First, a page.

Pollutive nitrogen

Every organism including a single cell, plant, tree or human requires N for its physical structure, function and reproduction. Although the atmosphere is made up of 78% N, plants cannot use atmospheric N directly. The N must be converted into nitrates or ammonia, which is often accomplished by N fixing bacteria and cyanobacteria, algae.

Production of reactive N, nature’s most promiscuous element, has increased 15 times since 1960, to 115 billion tons in 2017. Over 80% of this N is used in MIA. Synthetic N production is over double that of all natural processes on land combined. In the U.S., people consume only about 10% of the N farmers apply to their fields every year. The remainder volatizes into the atmosphere or runs off to waterways.

Building a food supply system dependent on industrially fixed N and mined inorganic chemicals, makes our ability to feed ourselves dependent upon nonrenewable fossil fuels, limited agricultural chemicals and the wisdom, benevolence and cooperation of a few corporate executives that head the world’s chemical fertilizer plants, mines and petroleum companies. These executives share a very poor history.

Fertilized soils release more than two billion tons of greenhouse gases every year, especially CO2, methane and NOx, (N oxides). A recent scientific report of nine global environmental challenges that may make the Earth unfavorable for continued human development identified N pollution as one of only three problems – along with climate change and loss of biodiversity – that have already crossed a boundary that could result in disastrous consequences if not corrected.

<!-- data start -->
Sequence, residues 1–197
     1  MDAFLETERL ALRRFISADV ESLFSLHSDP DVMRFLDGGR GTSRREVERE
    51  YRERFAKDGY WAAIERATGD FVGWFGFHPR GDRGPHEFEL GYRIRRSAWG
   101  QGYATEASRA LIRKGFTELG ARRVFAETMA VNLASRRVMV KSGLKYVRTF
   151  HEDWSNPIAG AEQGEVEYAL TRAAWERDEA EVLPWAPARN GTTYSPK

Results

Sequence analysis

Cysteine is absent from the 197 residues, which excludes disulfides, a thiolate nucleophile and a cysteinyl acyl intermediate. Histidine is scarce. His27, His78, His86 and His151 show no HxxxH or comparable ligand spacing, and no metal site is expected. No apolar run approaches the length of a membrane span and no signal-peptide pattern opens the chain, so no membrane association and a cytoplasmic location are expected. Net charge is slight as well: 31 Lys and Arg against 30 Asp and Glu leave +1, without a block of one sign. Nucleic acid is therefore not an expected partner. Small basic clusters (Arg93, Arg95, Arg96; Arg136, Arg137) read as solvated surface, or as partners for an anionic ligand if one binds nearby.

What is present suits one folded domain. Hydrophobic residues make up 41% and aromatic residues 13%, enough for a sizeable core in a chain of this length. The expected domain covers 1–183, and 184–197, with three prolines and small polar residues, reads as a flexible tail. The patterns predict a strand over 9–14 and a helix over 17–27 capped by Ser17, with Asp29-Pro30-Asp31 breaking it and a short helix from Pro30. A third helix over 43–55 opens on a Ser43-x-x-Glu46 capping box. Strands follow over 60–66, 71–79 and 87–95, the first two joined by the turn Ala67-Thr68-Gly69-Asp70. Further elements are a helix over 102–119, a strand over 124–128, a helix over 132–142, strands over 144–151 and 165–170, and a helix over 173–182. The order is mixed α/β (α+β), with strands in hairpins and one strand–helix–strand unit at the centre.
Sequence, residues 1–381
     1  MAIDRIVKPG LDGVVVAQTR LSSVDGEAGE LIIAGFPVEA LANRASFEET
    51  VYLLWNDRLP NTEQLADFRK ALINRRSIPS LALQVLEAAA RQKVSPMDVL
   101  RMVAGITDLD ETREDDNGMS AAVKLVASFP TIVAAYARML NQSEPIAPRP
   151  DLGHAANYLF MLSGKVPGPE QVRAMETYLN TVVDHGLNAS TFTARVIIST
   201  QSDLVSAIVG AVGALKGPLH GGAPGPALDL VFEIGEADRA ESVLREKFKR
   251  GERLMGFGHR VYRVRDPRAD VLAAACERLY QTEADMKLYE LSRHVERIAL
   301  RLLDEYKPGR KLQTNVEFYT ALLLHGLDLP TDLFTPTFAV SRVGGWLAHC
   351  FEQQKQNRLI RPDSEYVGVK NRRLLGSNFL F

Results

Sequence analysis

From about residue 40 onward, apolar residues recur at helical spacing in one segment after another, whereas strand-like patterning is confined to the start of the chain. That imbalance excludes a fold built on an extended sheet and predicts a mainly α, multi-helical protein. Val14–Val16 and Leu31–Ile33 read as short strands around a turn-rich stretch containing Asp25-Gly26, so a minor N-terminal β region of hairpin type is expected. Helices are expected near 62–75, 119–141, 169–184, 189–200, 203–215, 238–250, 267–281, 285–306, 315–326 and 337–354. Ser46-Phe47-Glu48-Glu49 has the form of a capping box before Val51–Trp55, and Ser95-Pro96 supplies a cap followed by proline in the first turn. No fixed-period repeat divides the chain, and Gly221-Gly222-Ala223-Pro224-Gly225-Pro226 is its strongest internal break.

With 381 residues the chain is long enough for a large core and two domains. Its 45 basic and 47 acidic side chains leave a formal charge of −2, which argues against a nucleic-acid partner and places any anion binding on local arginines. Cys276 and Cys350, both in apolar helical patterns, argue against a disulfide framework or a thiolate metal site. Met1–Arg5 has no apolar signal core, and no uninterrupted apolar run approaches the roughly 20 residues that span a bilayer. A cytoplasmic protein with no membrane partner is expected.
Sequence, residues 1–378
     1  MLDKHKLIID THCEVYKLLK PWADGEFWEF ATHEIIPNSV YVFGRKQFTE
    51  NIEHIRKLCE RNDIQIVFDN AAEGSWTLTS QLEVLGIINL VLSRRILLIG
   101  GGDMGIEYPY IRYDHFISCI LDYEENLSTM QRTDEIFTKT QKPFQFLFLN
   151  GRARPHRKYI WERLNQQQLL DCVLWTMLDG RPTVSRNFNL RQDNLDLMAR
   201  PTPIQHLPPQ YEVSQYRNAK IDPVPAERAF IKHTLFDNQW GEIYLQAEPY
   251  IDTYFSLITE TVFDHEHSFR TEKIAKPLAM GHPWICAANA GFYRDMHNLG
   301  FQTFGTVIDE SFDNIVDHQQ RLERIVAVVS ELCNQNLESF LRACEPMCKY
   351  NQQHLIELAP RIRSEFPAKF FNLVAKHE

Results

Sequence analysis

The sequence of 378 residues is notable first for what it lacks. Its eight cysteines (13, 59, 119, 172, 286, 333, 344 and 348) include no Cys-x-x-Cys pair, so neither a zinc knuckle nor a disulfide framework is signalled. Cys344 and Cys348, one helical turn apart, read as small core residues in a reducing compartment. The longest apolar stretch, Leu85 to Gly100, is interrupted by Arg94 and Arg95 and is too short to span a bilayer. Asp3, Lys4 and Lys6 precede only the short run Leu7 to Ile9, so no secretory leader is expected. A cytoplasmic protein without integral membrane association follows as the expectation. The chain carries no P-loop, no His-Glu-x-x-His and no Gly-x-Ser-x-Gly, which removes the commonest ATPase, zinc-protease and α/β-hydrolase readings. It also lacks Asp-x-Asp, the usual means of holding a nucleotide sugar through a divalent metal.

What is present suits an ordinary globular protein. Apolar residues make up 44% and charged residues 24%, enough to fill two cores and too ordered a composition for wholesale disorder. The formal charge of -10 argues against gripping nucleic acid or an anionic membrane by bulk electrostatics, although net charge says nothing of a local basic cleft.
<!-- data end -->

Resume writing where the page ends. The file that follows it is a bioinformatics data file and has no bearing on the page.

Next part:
The excess reactive fertilizer is mobile and rides on air and water from the field. Additional N in the form of nitrate seeps into drinking water, where it lurks as a poison that can damage internal organs. High levels of nitrates in drinking water have been linked to blue baby syndrome, when a baby’s blood can’t carry sufficient oxygen, as well as miscarriages. A review by the National Institutes of Health shows elevated nitrate concentrations in drinking water raise the risk of cancer, Alzheimer’s, diabetes and heart disease and drives up mortality rates. Nationwide, utilities spent $4.8 billion to remove nitrates from public drinking water supplies in 2011.

In the heart of the corn belt, Iowa’s largest sewage treatment plant spends millions on nitrate removal. A 2007 Iowa report indicated 274 Iowa waterways were seriously polluted. Studies in all the corn-belt states have produced similar results. A majority of waterways and well water in the corn-belt contain fertilizer pollution.

Fertilizer run-off causes such a problem that Iowa was forced to install the largest and most expensive in the world. The Des Moines plant now must invest another $19 million in new equipment to reduce the fertilizer found in the state’s waterways and well water.

Rural families not connected to the city’s water treatment plant must depend on well water, which puts their families at substantial health risk, because their water contains carcinogens and other deadly poisons. A University of Iowa study tested 475 private wells in 93 counties. The unsettling results showed 49% tested positive for nitrates, 48% had arsenic and 43% tested positive for total coliform bacteria, which can make people extremely sick.